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A Lesson About Precompetitive Collaboration

Key Points Raised by the Speaker

  • The U.S. semiconductor manufacturing industry successfully met a challenge from foreign manufacturers in part through the formation of SEMATECH, an industry-led joint venture to work together on the technologies underlying semiconductor manufacturing.

  • Keys to the success of SEMATECH were stable funding, ties between industry and academia, and involving the best people in the collaboration.

  • The pharmaceutical industry can learn from and apply the best practices that other industries developed when faced with a similar need to foster precompetitive R&D.

THE SEMATECH EXPERIENCE

William Spencer, the chairman emeritus of SEMATECH, described how the semiconductor manufacturing industry responded when it faced a challenge that required collaborative efforts among competing companies.

In 2010 the U.S. semiconductor industry should make about $300 billion in sales, said Spencer, while supporting an electronics industry that does about a trillion and a half dollars in business per year. “If you count the number of transistors you have on yourself right now—with your cell phone, your pager, your watch, the key to your car, some of your credit



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2 A Lesson About Precompetitive Collaboration key Points Raised by the Speaker · The U.S. semiconductor manufacturing industry successfully met a challenge from foreign manufacturers in part through the formation of SEMATECH, an industry-led joint venture to work together on the technologies underlying semiconductor manufacturing. · Keys to the success of SEMATECH were stable funding, ties between industry and academia, and involving the best people in the collaboration. · The pharmaceutical industry can learn from and apply the best practices that other industries developed when faced with a similar need to foster precompetitive R&D. THE SEMATECH ExPERIENCE William Spencer, the chairman emeritus of SEMATECH, described how the semiconductor manufacturing industry responded when it faced a challenge that required collaborative efforts among competing companies. In 2010 the U.S. semiconductor industry should make about $300 billion in sales, said Spencer, while supporting an electronics industry that does about a trillion and a half dollars in business per year. “If you count the number of transistors you have on yourself right now—with your cell phone, your pager, your watch, the key to your car, some of your credit 9

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10 ESTABLISHING PRECOMPETITIVE COLLABORATIONS cards, and if you have a laptop with a couple of memory sticks in it—you’ve probably got 10 [billion] to 100 billion of those little buggers on your body or in your purse right now. That’s close to the number of cells that you have in your body, not quite the number, but the transistors are multiplying faster,” said Spencer. The transistor was invented by two scientists at Bell Laboratories in 1947 (Brinkman, 1997), and about a decade later two separate companies, working independently, discovered how to combine many transistors onto a single chip of silicon. This started the semiconductor industry whose growth, according to Spencer, took off in the 1960s when the U.S. gov- ernment chose to use integrated circuits in military systems, including the Minuteman missile. At that time, the semiconductor industry was small— perhaps just a billion dollars—and the Department of Defense accounted for about half of those sales. By the mid-1970s, the industry had grown to approximately $5 billion in sales, and integrated circuits were being used much more widely. At that time, the United States owned about two-thirds of the world market in semiconductor chips and almost 100 percent of the market in the complex equipment used to manufacture those chips. However, other countries, particularly Japan, saw an advantage in semiconductor manufacturing and in 1975 started a cooperative effort between industry and government to boost the industry (Sakakibara, 1993). According to Spencer, by 1985, the United States had lost market leadership in semiconductor manufacturing. At that point, it cost about a billion dollars to build a new factory to make semiconductor chips, and the equipment for a factory might cost several hundred million dollars. If a company made a mistake in building a plant, failure represented a huge cost, but if a company chose not to invest in plants it lost market share and future revenue. The Department of Defense did not think that buying semiconduc- tor chips from outside the United States was a good idea due to national security concerns about reliable and secure sources of chips, according to Spencer. This concern contributed to the formation of SEMATECH—an acronym for semiconductor manufacturing technology—as a cooperative effort between the federal government and the U.S. semiconductor indus- try.1 SEMATECH initially had a budget of about $200 million, representing about 75 percent of the U.S. semiconductor industry, with a little less than 50 percent of that amount coming from the federal government and the rest from private industry (CBO, 1990). 1 The Bayh-Dole Act, enacted on December 12, 1980, created uniform patent policies regard- ing federally funded research. This legislation also provided the legal framework under which SEMATECH was formed in 1987.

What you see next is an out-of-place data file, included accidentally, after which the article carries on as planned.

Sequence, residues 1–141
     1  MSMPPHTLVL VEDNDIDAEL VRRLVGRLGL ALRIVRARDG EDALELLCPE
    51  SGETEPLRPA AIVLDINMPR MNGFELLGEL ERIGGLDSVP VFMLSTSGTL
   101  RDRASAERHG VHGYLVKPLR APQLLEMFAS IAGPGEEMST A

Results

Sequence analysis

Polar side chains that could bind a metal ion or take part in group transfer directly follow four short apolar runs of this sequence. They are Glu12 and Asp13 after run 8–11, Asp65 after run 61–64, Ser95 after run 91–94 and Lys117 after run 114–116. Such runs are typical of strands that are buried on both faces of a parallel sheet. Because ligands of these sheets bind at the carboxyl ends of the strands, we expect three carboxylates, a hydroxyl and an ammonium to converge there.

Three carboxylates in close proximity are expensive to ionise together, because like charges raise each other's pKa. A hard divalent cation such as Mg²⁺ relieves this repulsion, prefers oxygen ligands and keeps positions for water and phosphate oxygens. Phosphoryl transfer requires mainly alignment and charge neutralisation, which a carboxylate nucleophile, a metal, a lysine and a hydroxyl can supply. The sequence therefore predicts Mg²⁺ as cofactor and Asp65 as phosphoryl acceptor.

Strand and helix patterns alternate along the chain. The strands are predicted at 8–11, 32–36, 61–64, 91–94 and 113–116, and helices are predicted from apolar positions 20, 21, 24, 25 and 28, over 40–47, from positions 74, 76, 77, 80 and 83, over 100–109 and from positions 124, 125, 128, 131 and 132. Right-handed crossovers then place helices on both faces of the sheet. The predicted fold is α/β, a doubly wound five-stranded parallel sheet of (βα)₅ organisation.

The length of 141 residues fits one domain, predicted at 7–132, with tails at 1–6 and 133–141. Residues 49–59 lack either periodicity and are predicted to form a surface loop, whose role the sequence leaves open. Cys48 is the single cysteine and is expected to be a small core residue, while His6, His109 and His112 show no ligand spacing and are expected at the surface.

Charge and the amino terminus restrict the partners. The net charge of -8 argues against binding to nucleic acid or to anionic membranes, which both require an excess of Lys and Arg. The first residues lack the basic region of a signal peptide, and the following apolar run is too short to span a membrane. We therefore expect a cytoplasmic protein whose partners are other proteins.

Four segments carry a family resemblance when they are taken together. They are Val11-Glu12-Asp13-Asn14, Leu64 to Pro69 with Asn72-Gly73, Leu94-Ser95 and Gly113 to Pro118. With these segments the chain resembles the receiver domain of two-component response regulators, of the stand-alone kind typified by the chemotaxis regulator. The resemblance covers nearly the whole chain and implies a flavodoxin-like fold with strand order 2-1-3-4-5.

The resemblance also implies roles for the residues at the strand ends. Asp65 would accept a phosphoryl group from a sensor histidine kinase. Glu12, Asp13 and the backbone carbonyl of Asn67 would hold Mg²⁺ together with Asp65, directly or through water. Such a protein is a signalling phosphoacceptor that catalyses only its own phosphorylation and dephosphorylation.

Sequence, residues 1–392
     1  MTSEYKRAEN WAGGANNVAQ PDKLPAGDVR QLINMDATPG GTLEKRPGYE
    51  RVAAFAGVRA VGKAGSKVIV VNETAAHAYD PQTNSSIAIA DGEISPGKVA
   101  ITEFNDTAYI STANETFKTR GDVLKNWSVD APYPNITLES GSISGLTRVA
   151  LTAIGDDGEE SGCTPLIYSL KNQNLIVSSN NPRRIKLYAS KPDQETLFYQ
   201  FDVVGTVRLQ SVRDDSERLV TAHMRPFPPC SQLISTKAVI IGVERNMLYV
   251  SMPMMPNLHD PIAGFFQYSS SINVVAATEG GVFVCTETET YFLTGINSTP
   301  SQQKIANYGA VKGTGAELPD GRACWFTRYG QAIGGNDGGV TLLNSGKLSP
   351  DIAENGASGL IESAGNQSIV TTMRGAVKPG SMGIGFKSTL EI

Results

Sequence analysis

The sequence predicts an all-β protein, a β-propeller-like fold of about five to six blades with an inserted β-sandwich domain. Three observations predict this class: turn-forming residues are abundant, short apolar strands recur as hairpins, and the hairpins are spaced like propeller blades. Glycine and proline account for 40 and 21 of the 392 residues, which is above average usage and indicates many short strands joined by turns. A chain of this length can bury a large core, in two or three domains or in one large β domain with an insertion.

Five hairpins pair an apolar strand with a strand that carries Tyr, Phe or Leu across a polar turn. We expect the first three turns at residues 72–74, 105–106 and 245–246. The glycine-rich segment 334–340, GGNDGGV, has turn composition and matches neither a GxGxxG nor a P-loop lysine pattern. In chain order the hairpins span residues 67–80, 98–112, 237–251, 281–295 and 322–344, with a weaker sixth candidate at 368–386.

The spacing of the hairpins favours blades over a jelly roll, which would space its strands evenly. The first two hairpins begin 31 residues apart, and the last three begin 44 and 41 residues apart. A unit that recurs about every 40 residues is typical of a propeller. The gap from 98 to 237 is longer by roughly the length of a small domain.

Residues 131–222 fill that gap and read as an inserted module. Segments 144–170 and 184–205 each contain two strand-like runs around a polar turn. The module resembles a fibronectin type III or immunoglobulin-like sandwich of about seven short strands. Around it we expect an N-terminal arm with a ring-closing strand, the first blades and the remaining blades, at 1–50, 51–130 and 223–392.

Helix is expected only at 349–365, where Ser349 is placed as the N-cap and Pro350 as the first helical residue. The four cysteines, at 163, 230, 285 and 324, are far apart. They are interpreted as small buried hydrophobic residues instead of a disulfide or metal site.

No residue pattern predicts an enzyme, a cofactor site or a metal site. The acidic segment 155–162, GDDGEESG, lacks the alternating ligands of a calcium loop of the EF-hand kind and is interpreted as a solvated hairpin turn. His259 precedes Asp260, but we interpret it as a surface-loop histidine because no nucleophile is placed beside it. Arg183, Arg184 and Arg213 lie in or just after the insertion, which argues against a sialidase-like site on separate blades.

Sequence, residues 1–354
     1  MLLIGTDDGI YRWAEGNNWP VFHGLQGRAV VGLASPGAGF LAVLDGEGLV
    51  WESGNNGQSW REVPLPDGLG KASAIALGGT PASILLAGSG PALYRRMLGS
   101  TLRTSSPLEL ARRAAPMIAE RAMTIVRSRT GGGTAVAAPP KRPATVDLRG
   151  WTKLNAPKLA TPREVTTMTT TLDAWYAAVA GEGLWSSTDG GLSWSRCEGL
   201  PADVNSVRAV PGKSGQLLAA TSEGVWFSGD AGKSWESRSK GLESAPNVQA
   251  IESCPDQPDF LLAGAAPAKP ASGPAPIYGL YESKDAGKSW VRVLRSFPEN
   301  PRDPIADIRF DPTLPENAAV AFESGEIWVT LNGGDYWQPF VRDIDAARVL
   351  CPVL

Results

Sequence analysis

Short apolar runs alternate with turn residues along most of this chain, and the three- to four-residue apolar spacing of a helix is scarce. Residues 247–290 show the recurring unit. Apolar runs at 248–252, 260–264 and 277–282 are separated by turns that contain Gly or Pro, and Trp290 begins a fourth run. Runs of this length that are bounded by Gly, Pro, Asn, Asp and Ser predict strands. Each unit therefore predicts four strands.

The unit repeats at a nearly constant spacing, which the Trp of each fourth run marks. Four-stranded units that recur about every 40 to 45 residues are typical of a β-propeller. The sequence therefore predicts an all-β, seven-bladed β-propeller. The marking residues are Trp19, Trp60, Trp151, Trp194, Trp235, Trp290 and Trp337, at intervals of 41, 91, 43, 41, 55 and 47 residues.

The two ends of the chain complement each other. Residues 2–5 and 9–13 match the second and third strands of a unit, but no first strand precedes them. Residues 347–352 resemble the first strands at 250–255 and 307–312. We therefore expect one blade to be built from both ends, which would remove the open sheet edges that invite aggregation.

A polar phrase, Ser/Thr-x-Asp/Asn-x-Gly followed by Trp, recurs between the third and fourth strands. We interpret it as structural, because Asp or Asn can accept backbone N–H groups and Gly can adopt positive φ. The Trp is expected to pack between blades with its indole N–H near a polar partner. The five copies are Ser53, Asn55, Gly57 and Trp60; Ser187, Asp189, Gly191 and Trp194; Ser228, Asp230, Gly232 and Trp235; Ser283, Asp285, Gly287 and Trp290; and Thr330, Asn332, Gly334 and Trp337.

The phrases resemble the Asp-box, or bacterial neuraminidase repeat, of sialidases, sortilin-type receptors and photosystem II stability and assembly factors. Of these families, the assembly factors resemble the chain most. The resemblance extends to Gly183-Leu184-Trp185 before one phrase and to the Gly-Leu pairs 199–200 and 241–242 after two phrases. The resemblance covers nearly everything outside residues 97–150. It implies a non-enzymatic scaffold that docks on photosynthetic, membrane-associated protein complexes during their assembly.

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11 A LESSON ABOUT PRECOMPETITIVE COLLABORATION At first, former competitors working together at SEMATECH were wary. Spencer recalled an engineer telling him that her company had told her to “listen, don’t talk, and lock your file cabinet.” However, the work at SEMATECH quickly revealed the advantages of cooperation. The prob- lems being tackled at SEMATECH were being worked on independently by different companies. “By getting together, those problems could be solved jointly, saving a great deal of time and a great deal of money,” observed Spencer. By the mid-1990s, the United States had regained its market leadership in the semiconductor industry. There were many reasons for that, Spencer acknowledged, including changes in tariffs, exchange rates, trade barriers, and technologies, but SEMATECH clearly played a role. LESSONS FROM SEMATECH Spencer highlighted several key points from his experience at SEMATECH that were necessary for its success. First, it is important to have stable funding for such a venture. Funding for SEMATECH was pro- vided through regular federal appropriations and industry. Federal support for SEMATECH was in the President’s budget that was submitted each year. Inclusion in the President’s budget is critical, he said, to avoid budget battles within each agency. Second, according to Spencer, industry-led collaborations need ties to universities to draw on the creative ferment of academia. A close associa- tion is advantageous for the initiation of cooperative efforts with faculty who are already experts in disparate fields. Additionally, it allows for identi- fication of outstanding graduates who could work directly for SEMATECH or one of the member companies. Spencer noted that while a consortium might be located close to a specific university, it is also important to estab- lish relationships with every other university where there is an overlapping common interest. Most important, said Spencer, such ventures need to attract the best people to be successful. To do that, those people need to see a way to enhance their careers. Companies needed to be convinced that they should send their best people to SEMATECH and that once those individuals returned to the company, they should receive some kind of promotion, bonus, or recognition. If companies did not do that, their best people tended to leave for other companies, since the best people in the industry were widely recognized and sought by competing companies. “They could send them to SEMATECH and they’d return a lot smarter and a lot more knowledgeable than they were when they left,” said Spencer.